When & Where Should B2B Companies Outsource Marketing?

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The following is an excerpt from an interview I conducted recently with the folks at TechnologyAdvice, a leading online provider of information resources to help IT professionals make informed buying decisions. For the complete interview, see the TechnologyAdvice marketing blog. Reposted with permission.

(TA) Marketers tend to think of outsourcing as an auxiliary measure — a lifeline for when you can’t afford to do things in-house, or you don’t have the manpower. How is working with a B2B agency different/more complex than that?



(HS) I don’t believe hiring an agency should be a decision of whether or not you want to outsource your marketing. I have no problem with our firm being an “on demand” resource for if and when people need us. However, I do think that we add more value in those engagements where we’re more of a strategic partner and involved across a range of demand generation activity. Fact is, there’s a lot we can contribute on a strategic level – what’s working for other companies, where to best spend your demand generation dollar – that has nothing to do with more tactical services like media and creative.

(TA) In your experience, what are a few marketing initiatives every B2B company, no matter the size, could feasibly allow an agency to manage and expect to see a positive return?

(HS) SEM (paid search) is one. I’ve seen very few companies, at least on the B2B side, manage SEM in-house effectively. One, it’s pretty much a full-time job, and secondly, the benefits of managing multiple search accounts (as we do) is that you learn what’s working, you evolve your best practices very quickly, and you can cross-pollinate successful techniques across clients.

(TA) I want to focus particularly on content syndication for a moment. A lot of companies don’t understand the multiplying effect that working with a syndication partner can have on the success of a single asset. Can you address that?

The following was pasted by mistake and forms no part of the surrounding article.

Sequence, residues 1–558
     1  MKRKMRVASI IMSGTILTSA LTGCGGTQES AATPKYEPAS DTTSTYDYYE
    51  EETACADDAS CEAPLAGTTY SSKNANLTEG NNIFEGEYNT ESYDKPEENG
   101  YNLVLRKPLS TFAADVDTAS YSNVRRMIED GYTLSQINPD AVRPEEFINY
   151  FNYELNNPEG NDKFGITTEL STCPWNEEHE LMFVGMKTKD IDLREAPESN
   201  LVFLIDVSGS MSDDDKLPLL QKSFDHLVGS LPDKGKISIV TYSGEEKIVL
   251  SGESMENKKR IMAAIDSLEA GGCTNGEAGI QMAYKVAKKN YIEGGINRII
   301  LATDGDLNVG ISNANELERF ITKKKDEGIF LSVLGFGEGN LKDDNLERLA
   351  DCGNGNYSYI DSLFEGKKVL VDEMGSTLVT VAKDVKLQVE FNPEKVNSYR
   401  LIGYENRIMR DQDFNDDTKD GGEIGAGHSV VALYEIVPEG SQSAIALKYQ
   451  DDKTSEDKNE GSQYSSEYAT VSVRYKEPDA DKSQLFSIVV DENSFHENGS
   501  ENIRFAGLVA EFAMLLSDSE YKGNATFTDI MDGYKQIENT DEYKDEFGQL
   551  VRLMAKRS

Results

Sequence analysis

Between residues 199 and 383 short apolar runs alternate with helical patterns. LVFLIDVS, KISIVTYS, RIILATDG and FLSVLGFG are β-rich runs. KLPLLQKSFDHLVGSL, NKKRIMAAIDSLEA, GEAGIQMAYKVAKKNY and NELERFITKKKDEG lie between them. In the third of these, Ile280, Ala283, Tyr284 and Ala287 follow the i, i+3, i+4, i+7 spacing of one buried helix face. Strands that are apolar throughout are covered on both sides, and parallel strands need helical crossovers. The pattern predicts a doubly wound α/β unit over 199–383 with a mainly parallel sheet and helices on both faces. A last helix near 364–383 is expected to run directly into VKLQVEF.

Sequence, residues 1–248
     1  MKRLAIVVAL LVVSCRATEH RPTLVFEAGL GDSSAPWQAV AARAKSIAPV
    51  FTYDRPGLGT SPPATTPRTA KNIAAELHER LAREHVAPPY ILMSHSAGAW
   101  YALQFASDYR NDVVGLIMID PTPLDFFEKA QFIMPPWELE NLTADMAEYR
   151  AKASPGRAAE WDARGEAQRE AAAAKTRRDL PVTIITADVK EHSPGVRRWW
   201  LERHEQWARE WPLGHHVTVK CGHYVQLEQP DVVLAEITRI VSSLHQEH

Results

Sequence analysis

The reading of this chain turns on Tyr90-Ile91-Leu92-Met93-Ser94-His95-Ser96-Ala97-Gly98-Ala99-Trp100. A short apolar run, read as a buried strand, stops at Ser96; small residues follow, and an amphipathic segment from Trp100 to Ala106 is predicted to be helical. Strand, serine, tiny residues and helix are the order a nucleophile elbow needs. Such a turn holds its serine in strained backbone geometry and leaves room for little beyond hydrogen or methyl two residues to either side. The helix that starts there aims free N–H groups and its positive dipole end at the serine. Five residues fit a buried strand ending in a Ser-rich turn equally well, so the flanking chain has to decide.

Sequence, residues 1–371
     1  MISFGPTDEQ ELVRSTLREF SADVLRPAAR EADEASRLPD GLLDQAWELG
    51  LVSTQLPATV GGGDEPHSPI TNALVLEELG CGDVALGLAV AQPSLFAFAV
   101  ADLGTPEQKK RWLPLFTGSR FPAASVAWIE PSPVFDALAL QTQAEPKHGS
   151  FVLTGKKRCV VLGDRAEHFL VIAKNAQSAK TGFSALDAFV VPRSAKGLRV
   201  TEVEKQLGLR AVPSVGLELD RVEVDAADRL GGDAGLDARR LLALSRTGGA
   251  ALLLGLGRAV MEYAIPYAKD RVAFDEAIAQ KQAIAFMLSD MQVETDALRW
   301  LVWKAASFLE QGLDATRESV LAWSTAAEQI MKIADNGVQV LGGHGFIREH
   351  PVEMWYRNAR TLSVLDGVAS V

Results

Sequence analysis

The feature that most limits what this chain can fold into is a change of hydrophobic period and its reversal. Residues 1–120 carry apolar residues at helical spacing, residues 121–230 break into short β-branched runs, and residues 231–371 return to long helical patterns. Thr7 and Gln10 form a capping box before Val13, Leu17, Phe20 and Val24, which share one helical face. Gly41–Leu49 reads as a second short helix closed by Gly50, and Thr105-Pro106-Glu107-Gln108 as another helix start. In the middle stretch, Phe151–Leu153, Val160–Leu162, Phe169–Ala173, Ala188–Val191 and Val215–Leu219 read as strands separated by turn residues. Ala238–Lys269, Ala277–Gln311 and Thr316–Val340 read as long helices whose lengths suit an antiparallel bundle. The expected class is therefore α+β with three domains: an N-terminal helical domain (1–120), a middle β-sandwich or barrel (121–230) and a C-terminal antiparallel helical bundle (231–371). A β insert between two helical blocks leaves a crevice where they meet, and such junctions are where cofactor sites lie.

(HS) I’ve always been a big fan of content syndication. In my experience, it’s the rare client – at least in the B2B space – for whom content syndication shouldn’t be a foundational part of their demand gen mix. And syndication is a great complement to other inbound strategies like SEM and Social Media, by helping to ensure that qualified prospects who are out there researching a particular category, for example, find and engage with your company. Plus, as you point out, it’s also a very effective, measurable way to leverage the investment you’re making in content development.



(TA) There are so many different varieties of lead generation providers on the market. What separates the true lead gen agencies from the glorified list wholesalers?

(HS) When we research content syndication and lead providers on behalf of our clients, we’re looking first and foremost for competitive pricing and a proven ability to drive quality leads at volume. However, I also think transparency is important – how are the leads generated? Where will content appear? Are leads shared or re-sold? If answers to those questions aren’t crystal clear, you may be better off putting your dollars elsewhere.

(TA) How important is lead nurturing, when you outsource some of your pipeline-building efforts? What does it look like to get outside help with lead nurturing (this is one of the services Spear provides)?

(HS) Lead nurturing is absolutely critical. At the very least, an effective lead nurturing program enforces prompt and systematic lead follow-up (even on those days when sales is “too busy”), and will help ensure that you get maximum value from demand generation by nurturing leads along the sales cycle. The rise of marketing automation technology has given rise to a “do-it-yourself” mentality when it comes to lead nurturing, but technology can’t do everything. Lead management strategy, campaign workflow, email frequency, segmentation, offer/content strategy, email creative – these are all areas where an experienced partner can make a huge difference.



(TA) Are there any particular programs or channels you think a B2B company should NOT outsource? Why, or why not?

(HS) Would it surprise you if I said no? That doesn’t mean that every company should hire an agency like Spear. It really depends on the scale of your marketing objectives and your budget. However, I do believe that outsourcing even some of your programs to the right partner gives you flexible bandwidth, collective expertise, and a pool of knowledge that you’ll probably never be able to hire for. Plus, if you do everything in-house, marketing can get stale and insular. Sometimes it just makes sense to shake things up.

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